Overloaded

Today was one of those days.  Well actually, overall it was a good day.  Both of my boys went to camp and my daughter was in summer school.  I was able to spend a WHOLE day with my best friend.  I so needed this girlfriend time.  We had a fantastic day shopping, looking through stores and taking our time.  For that I am thankful.

Then, it was pick up time.  My little one had a bit of an up and down day at camp.  He’s been going everyday since Monday, so it’s expected that one of those days will be a bit more challenging.  Even though his day was up and down, the camp leaders said he was very responsive and cooperative – another win!  Then we arrived home.  His safe place.  This is where it turns into one of those days.  I should actually rephrase this to one of those moments, as the rest of the day was fairly good and the evening after taekwondo class was much better.

When we arrived home, he fell apart.  The transition from the car to the foyer of the house was not easy, he couldn’t carry his backpack, it’s too much and too heavy for him.  He wasn’t able to unpack his backpack and the question is “Mom, why don’t you just do it?  You are the one that wants it done anyway.”  No pleases, no thank yous, just orders.

Quickly I’m scrambling in my brain on how to diffuse the situation, clearly he is not able to regulate.  So I suggest a snack maybe he was a little hangry.   This was obviously the WRONG option for him.  Then I gave space, which was also the WRONG option for him.  He finally decided to go up to his room get changed into his uniform, where all seemed reasonably quiet and calm. Then came downstairs.  I was busying myself in the kitchen and he was trying to put on his taekwondo belt and having a bit of a hard time.  I have tried but still have no idea how to tie this belt, so when I noticed he was struggling I gingerly suggested that maybe he could tie it when he got to class.

“Remember, you don’t like how it feels when you wear it in the car?”

That did it for him, he was not going to class because I don’t have confidence that he can tie it.  Anything that I said from that point was taken as negative.  He was upset and in his mind I was not supporting him.  At one point he said that me talking is causing him to be more upset, but when I would get quiet he would say that I was ignoring him and don’t care enough to help.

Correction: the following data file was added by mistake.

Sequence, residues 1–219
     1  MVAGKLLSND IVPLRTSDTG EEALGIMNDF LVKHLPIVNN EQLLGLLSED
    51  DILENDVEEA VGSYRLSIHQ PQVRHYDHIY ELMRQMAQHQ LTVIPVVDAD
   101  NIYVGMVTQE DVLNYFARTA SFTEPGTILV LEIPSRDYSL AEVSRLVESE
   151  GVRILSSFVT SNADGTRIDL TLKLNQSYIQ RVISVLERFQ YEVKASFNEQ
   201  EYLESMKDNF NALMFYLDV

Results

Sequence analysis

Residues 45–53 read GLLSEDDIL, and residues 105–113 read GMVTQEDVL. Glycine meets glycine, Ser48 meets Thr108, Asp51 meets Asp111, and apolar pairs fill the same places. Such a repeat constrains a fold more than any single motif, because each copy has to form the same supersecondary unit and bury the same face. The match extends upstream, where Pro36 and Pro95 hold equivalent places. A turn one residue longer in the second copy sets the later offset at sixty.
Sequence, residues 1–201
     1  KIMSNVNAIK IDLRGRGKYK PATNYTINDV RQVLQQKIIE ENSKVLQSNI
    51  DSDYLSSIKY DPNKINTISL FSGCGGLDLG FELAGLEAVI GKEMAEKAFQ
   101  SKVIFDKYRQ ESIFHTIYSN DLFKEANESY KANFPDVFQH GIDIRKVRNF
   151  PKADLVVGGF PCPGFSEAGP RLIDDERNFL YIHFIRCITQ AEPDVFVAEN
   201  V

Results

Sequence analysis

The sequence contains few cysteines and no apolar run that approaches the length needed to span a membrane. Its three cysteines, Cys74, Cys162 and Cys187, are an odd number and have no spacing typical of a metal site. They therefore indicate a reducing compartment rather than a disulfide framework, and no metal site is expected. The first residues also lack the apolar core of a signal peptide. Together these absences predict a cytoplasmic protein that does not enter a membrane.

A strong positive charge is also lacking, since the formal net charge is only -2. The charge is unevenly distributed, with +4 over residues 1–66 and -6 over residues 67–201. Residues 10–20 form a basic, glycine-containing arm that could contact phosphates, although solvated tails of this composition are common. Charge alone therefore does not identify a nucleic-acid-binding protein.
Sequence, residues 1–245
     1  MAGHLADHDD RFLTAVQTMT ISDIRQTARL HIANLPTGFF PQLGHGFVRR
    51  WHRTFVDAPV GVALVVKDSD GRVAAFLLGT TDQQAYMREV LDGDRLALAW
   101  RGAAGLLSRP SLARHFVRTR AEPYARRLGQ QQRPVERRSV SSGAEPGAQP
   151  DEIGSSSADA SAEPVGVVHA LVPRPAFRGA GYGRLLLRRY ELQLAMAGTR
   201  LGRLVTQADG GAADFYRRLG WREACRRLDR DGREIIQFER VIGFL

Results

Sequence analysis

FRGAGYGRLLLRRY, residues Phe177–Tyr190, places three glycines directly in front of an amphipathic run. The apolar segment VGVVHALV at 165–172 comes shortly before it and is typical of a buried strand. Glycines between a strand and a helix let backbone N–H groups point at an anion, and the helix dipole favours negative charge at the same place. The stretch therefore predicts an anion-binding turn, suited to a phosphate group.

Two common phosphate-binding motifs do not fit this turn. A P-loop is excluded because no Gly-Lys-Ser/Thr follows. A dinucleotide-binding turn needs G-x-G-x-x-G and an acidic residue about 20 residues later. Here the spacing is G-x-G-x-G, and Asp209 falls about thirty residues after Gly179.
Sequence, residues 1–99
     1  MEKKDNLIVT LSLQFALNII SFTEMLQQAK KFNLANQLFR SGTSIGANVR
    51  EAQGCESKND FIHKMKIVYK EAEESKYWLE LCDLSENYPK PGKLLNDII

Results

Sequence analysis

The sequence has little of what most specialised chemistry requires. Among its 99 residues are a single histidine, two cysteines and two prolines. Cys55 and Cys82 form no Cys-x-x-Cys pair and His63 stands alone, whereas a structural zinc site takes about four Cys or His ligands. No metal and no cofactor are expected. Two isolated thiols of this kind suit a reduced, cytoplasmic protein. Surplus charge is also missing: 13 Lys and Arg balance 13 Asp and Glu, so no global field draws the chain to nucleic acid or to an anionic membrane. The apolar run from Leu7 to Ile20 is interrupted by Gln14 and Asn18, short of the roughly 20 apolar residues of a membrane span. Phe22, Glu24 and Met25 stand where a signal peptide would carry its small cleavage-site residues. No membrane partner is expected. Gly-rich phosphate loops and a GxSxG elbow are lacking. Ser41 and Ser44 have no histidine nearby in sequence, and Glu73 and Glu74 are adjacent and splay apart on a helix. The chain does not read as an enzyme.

Yes, this is FASD and one overloaded brain.  What was the trigger to this? At that moment I was not sure, he’s was not sure.

I am happy to say that we don’t have many times when we don’t know the trigger, most of the time it has to do with a sensory issue, feeling rushed or some other big feelings that rise up.  We are also lucky to be raising a little guy with lots of self awareness and one who has the ability to let us know what he feels, whether we want to hear it or not.

So in this moment, where I can do nothing right for him and his brain is just frazzled, I did what I felt was best.  I kept to routine.  Yes, he was still loud and angry.  He still didn’t have the most smooth transition, but we did it.  We moved on from the moment in the house and now we are in the car, it took about 40 minutes for a 5 minute transition, but that’s ok.  I allowed him to be upset, say his piece (and then some) and get things together  to the best of his ability during that time.  I tried my best to keep things simple and to have the environment as calm as possible.

The drive to his class started out with him speaking rudely and slowly calming down.  Just before we arrived at the taekwondo school, he was starting to talk.  He talked about his day at camp and the fun things he did and then he talked about what some of the other kids had said.

They played a game, would you rather and one of the questions was “Would you rather play with (my son) or would you rather play with (another boy)?  He told me that “all” the other kids said the other boy and feels no one likes him.  I know this is most likely not true, but it is his perception.  When I drop him off and pick him up, he’s always with a group of friends.  He has a circle of friends that understand him and want to play with him in our day to day life.  But in that moment and the moments to follow he felt rejected.  He was hurt and now struggling with the simple day to day tasks and routine.  His brain could not cope with one more thing and was very reactive.  Had I got upset over his behaviour and dealt with things differently, that rejection would have continued and been bigger.  Instead of us getting out of the car, where he apologized for being so rude, and starting his class with a big hug and kiss, it could have carried on to the next activity.

It is difficult to be centred in those times and to see past the behaviours when they are big, the words coming at you are hurtful and it seems like whatever you do is not helping.  I spent quite a bit of my brain space this afternoon keeping myself calm, using mediation techniques and breathing.  I made a phone call to my husband just to get a bit of a reprieve, not to really talk about anything.

The rest of the evening had gone much better for him because he was able to talk when he was ready and was able to process.  We had dinner, conversation, he had a nice bath, a quiet activity and then off to bed, all without incident.

This day is a good reminder for myself that the behaviour I see is usually due to something out of our control and his. It is also a good reminder on how important it is to take care of myself.  I had a great day with my best friend and was recharged and feeling good. Had I been overwhelmed and reacted to his behaviour, the rest of the evening would have been a whole different story.

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